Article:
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Encyclopaedia Britannica Fails In Attempt To Revive Infamous Multimedia Patent

from the the-sum-of-all-human-knowledge dept

Last year, we pointed out how rather ironic it seemed that a company like Encyclopaedia Britannica, who is supposed to be in the business of spreading knowledge, would sue GPS makers for patent infringement. However, at the time, we were unaware of the history of the patents in question. Joe Mullin, over at The Prior Art, has the full story, including the fact that the case relied on a rather infamous patent, that gave many folks a preview of future patent battles to come.

The patent in question was about doing searches on CD-ROMs and was granted in 1993. The original patent holder, Compton's, claimed that: "Everything that is now multimedia and computer-based utilizes this invention," and noted, of course, that basically everyone in the industry now owed it money. The outcry over this was so great that the commissioner of the patent office initiated a re-exam by himself, eventually getting all of the claims of the patent rejected. However, with some back and forth, eventually greatly narrowed claims were approved in 2001. In 2005, EB, who had taken control over the patent (it had been an investor in Compton's) decided that the patent applied to GPS systems, even though it's pretty clear that the patent had nothing to do with GPS systems.

After a few more years of battling, the good news is that a court has, once again, found the patent to be invalid, more or less (hopefully) closing the book on this patent, but demonstrating how the patent system has been misused yet again. The original patent was clearly way too broad, and it took years to get that worked out. And, then, even the eventually-allowed patent was asserted against totally different systems, only to finally be brought down years later. While some patent system defenders may suggest that the system works, since the eventual outcome was okay, there was an awful lot of time, money and effort wasted on all of this that could have gone towards actual innovation.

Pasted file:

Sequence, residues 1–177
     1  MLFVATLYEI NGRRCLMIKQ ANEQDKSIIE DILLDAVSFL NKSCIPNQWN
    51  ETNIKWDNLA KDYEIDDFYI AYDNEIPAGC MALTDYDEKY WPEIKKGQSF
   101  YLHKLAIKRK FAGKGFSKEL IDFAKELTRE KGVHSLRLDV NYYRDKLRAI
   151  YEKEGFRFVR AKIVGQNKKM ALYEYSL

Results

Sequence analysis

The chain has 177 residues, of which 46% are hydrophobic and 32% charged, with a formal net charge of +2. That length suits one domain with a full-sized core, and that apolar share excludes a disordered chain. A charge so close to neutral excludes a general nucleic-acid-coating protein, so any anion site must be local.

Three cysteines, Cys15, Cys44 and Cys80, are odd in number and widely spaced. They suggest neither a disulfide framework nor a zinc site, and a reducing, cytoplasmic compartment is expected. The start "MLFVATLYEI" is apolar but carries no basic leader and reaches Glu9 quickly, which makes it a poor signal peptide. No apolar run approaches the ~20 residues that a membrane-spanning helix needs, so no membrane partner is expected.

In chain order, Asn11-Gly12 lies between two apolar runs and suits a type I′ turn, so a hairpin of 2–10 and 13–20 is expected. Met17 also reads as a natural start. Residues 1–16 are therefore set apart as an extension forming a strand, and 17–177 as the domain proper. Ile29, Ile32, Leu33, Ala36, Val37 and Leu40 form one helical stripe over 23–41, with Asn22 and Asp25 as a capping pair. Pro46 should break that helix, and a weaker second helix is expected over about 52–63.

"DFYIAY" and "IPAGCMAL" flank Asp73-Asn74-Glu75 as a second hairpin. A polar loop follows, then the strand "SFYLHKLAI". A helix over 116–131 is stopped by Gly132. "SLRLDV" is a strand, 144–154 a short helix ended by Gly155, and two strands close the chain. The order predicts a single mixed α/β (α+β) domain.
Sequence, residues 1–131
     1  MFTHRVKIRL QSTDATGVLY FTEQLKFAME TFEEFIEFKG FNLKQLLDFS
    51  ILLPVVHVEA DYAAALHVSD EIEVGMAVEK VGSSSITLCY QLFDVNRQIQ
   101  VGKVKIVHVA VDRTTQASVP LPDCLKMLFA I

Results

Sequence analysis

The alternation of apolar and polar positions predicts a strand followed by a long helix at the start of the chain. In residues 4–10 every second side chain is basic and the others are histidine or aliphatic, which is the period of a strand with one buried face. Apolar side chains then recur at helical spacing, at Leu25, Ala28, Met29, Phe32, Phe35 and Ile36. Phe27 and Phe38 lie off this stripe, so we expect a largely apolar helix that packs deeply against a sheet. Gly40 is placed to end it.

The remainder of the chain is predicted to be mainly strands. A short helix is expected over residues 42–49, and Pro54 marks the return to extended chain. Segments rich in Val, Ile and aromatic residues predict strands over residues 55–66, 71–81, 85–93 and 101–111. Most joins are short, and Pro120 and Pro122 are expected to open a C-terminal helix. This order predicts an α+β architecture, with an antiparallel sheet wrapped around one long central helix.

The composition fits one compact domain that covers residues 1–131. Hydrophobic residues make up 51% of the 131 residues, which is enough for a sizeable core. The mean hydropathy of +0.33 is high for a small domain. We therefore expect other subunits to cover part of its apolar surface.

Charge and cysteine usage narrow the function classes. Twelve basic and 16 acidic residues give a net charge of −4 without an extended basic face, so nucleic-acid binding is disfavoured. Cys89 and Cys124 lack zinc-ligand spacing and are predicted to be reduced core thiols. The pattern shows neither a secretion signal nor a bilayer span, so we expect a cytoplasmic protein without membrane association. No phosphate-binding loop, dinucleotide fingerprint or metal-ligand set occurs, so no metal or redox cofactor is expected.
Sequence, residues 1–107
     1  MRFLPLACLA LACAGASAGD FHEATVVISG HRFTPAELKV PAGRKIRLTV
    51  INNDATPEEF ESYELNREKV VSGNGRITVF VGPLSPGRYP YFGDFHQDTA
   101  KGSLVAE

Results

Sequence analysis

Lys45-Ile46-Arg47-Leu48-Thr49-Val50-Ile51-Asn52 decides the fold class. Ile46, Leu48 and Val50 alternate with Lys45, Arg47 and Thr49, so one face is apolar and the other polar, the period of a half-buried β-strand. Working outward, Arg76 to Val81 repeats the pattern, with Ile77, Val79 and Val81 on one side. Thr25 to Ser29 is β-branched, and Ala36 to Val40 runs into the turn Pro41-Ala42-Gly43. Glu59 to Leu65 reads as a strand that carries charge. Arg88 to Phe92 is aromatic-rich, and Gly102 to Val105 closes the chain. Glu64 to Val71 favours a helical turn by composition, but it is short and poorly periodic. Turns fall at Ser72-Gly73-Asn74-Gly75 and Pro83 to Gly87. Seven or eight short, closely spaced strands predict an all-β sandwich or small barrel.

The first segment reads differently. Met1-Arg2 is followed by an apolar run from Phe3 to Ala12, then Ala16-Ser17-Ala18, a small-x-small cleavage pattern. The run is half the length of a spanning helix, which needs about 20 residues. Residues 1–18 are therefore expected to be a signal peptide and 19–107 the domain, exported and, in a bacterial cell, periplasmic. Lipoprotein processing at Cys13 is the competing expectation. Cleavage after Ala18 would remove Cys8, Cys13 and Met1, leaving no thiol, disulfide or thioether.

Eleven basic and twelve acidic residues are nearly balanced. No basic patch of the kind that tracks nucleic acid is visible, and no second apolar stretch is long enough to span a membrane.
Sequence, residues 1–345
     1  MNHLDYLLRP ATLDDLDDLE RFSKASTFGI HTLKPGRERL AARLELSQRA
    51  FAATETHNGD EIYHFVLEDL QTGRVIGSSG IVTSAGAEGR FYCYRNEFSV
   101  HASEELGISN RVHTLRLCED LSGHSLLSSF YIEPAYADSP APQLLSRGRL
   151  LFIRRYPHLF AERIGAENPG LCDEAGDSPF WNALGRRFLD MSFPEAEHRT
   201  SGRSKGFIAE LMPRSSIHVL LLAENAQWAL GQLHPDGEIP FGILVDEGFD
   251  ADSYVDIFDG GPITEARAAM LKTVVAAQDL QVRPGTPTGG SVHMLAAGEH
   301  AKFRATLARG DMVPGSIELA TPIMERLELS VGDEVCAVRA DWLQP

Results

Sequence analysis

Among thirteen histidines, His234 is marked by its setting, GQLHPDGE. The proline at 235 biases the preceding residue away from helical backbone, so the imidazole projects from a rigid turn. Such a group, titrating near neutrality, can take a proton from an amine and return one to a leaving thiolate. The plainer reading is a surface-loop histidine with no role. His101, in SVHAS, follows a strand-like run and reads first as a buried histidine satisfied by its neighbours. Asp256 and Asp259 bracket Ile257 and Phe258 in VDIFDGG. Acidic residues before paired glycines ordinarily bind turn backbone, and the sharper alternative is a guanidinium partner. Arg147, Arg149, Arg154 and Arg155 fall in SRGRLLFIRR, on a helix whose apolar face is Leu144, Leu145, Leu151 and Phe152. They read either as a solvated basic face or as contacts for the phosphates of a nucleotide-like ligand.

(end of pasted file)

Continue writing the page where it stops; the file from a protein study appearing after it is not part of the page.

Reader Comments (rss)

(Flattened / Threaded)

  1.  
    identicon
    David E. Y. Sarna, Nov 17th, 2008 @ 6:27pm

    Compton Patent

    Not only was there an "awful lot of time, money and effort wasted" on defending against a facially invalid patent, but such groundless and ultimately futile attempts to extract money through a tactic of stating the obvious and then attempting to patent it and seeks royalties has the really negative consequence of stifling innovation, and (as is the case in the UK), the losers should need to pay the winners defense costs, which will help put the brakes on such on such naked greed.

     

    reply to this | link to this | view in thread ]

  2.  
    identicon
    Anonymous Coward, Nov 17th, 2008 @ 8:12pm

    Where are all the apologists to defend this righteous patent ?

     

    reply to this | link to this | view in thread ]

  3.  
    identicon
    Workingindust, Nov 18th, 2008 @ 12:02am

    But look who got paid anyway

    'eventual outcome was okay, there was an awful lot of time, money and effort wasted'

    Very true but win, lose or draw it was the lawyers who got paid

     

    reply to this | link to this | view in thread ]

  4.  
    identicon
    Scott Lithgow, Nov 18th, 2008 @ 10:50am

    Money Talks

    The system works fr large companies with deep pockets but companies that can not afford to risk a possible loss loose out.

     

    reply to this | link to this | view in thread ]

  5.  
    identicon
    dinnerbell, Nov 19th, 2008 @ 11:35am

    stop the shilling!!!

    you miss the point. without the patent system there would be precious little contributed to innovation. look at the way things stood prior to the US Constitution and patent system. In over 3000 years of “civilization” and central governmental control the mode of living for the masses was largely unchanged...until the US patent system.

     

    reply to this | link to this | view in thread ]

  6.  
    identicon
    Russell Jenkins, Jan 6th, 2009 @ 6:00pm

    Encyclopaedia Britannica

    Encyclopaedia Britannica is probably going broke and therefore is likely to take legal action over anything that might result in generating some revenue for the ailing company. A pity. Its business model has been hit hard by the internet and the success of Wikipedia

     

    reply to this | link to this | view in thread ]


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